“It is time the people know the truth,” read a grave and troubling report from the subcommittee on the judiciary of the U.S. Senate. That truth? That the United States had been infiltrated by foreign agents, who exerted their influence on national politics and elections. They underwrote propaganda, co-opted reporters, and even financed the acquisition of an entire newspaper published, eerily, in the shadow the U.S. Capitol.
Whew! Well, that was a hell of a year. Since November 2016 there’s been so much disruption and turmoil and crass disregard for the old ways of doing things! I speak, of course, of the spirits world. Among the tumult: Sazerac Co., bought failing Southern Comfort and put whiskey back into it. Foreign Armagnac and mezcal were suddenly in bars everywhere.
How do you take stock of a year? In a regular year, that task is hard enough, but nothing about 2017 was usual. Fortunately, for spirits and cocktails writers, time can easily be broken down by bars visited and drinks enjoyed. So I asked a number of our regular contributors for the best things that they drank during the last 12 months. Their answers may just surprise you!
Muck Rack makes it simple to find people, tweets, or articles that mention any name, keyword, company, hashtag etc. We've compiled this guide to help you make the most of your search.
Selecting a term
Start searching tweets, articles from media outlets, articles mentioned in tweets, journalists'
names, titles and bios with some suggested searches:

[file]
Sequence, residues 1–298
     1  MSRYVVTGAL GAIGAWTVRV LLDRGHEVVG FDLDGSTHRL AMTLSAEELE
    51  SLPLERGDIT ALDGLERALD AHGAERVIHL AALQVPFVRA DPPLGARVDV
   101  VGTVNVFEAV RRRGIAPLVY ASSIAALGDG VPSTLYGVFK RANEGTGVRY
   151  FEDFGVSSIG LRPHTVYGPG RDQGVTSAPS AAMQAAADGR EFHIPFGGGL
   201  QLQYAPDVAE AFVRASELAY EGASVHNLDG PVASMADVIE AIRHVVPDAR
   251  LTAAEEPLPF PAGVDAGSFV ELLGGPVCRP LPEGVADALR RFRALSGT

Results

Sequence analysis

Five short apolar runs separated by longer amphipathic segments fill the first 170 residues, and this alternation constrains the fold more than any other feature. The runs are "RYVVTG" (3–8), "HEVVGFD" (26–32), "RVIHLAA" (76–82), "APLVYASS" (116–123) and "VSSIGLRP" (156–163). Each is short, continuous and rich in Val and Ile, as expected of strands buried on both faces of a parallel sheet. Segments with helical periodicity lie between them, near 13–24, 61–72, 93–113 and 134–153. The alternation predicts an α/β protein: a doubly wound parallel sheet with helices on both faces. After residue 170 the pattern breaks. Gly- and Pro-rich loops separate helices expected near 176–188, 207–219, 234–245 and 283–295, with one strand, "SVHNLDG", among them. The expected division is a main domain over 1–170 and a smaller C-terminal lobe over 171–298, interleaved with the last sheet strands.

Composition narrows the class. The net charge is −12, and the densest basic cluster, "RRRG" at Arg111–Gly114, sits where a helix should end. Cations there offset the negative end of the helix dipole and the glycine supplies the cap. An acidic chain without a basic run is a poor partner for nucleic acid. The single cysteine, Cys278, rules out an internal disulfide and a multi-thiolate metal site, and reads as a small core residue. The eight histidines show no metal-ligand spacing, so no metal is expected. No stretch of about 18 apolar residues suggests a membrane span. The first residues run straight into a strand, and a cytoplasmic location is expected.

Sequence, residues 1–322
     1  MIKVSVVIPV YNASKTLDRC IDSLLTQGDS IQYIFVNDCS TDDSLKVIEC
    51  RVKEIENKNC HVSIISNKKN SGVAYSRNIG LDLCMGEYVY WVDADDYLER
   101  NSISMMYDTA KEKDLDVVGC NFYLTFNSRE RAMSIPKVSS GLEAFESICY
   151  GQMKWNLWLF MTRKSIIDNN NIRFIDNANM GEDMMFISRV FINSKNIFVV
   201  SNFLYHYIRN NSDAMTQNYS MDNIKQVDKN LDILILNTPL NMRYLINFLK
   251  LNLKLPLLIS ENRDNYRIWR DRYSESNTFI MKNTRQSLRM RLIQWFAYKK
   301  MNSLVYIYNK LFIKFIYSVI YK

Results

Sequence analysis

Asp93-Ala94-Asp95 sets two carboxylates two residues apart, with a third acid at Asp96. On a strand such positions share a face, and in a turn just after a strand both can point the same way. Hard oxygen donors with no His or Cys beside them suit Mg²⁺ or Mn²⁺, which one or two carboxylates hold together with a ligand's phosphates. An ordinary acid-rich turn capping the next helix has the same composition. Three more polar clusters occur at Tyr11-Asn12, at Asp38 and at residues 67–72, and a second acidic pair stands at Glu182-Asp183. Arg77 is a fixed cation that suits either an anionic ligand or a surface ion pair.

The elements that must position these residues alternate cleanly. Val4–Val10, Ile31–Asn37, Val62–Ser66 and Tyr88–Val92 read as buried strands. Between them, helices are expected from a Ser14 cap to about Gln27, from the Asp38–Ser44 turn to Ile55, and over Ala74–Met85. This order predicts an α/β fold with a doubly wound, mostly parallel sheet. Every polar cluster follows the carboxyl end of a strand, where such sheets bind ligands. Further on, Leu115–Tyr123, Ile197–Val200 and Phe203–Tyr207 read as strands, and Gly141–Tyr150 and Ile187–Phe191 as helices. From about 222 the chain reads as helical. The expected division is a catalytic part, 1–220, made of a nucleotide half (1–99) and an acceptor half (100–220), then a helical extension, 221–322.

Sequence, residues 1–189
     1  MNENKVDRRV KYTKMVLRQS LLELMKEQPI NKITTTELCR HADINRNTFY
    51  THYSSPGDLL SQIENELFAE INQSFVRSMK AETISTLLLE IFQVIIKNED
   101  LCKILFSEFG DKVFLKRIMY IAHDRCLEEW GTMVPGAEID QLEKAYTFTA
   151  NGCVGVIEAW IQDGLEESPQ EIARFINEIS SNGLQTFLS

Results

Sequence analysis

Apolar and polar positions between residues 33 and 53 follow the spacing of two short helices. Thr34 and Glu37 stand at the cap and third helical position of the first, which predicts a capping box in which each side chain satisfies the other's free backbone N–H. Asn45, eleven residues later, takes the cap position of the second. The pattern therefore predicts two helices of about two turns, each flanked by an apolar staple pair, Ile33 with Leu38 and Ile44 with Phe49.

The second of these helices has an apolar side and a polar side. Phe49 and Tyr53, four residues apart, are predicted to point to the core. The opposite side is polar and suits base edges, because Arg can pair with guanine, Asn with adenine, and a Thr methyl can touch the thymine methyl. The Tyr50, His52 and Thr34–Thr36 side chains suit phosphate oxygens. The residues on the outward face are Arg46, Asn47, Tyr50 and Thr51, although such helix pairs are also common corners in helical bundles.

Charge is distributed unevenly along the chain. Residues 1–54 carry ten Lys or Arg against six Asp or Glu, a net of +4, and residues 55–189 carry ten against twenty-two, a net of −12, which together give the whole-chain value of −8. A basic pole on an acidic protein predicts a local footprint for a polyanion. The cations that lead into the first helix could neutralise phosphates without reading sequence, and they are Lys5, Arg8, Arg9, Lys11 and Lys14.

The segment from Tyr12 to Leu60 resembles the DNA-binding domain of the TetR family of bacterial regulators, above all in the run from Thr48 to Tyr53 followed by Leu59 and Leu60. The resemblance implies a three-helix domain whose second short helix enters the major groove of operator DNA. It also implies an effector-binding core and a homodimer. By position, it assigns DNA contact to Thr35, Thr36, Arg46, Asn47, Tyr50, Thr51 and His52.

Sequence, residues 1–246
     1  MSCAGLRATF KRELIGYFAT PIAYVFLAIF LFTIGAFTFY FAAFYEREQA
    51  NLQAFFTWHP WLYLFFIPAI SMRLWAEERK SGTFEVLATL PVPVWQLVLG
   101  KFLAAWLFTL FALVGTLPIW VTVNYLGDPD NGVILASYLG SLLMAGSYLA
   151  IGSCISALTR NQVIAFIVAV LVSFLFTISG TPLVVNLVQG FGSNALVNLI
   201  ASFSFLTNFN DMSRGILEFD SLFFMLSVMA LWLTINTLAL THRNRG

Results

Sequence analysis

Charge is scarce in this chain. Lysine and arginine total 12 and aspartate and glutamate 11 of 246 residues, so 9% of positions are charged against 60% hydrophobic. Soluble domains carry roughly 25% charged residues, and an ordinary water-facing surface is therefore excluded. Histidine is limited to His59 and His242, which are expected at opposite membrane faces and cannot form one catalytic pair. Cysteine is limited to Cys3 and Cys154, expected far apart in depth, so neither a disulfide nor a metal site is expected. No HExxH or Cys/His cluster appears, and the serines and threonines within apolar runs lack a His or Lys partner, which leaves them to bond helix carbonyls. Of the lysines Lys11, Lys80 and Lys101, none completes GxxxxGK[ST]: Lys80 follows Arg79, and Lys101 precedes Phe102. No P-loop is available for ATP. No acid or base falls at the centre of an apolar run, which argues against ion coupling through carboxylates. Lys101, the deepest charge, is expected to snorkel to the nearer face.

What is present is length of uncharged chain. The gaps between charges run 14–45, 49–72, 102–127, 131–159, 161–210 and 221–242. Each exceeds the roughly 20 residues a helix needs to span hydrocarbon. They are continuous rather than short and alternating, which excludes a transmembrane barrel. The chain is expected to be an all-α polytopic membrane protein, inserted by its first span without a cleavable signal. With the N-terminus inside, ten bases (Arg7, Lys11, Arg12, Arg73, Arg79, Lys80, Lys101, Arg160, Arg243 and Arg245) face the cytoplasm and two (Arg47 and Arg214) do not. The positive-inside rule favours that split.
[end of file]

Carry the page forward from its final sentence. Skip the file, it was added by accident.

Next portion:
Companies or Topics (e.g. iPhone, Microsoft)
Phrases (e.g. "cloud computing") — use quotes to keep the terms together
Twitter handles (e.g. @username) — returns those who have mentioned or replied to
Names (e.g. "David Pogue")
Hashtags (e.g. #sxsw, #london2012)
Bio details (e.g. vegan, Olympics, father)
Muck Rack's Advanced Search allows for many boolean operators.
Find results that mention multiple specified terms, use AND or
+. For example, ensure each result contains both Elon Musk and Mark Zuckerberg by
searching Musk AND Zuckerberg or Musk + Zuckerberg.
Use the operators OR or , to broaden your search when you'd like either of
multiple terms to appear in results. (This is the default behavior of our search when no operators
are used). For example, results will contain either cake or cookie by searching cake OR cookie or cake,cookie
Use NOT or - to subtract results from your search. For
example, searching Disney will yield results about the Walt Disney Company as well as Walt Disney
World Resort. To exclude mentions of Disney World, search for Disney -World or Disney
When using one of these operators with a phrase, enclose it in quotation marks. For example, you can
find results about smartphones excluding Apple's iPhone 4S by searching smartphone -"iPhone
Exact case matching or punctuation
If you're searching for a brand name or keyword that relies on specific punctuation marks or capitalization, you can
find results that match your exact query by adding matchcase: before the keyword you're searching for, like matchcase:E*TRADE .
Use parentheses to separate multiple
boolean phrases. For example, to find journalists talking about having fun in Disney World or
Disneyland, search for ("disney world" OR disneyland) AND fun.
An asterisk can be used to search for any variation of a root word truncated by the asterisk. For example, searching for admin* will return results for administrator, administration, administer, administered, etc.
A near operator is an AND operator where you can control the distance between the words. You can vary the distance the near operation uses by adding a forward slash and number (between 0-99) such as strawberries NEAR/10 "whipped cream", which means the strawberries must exist within 10 words of "whipped cream".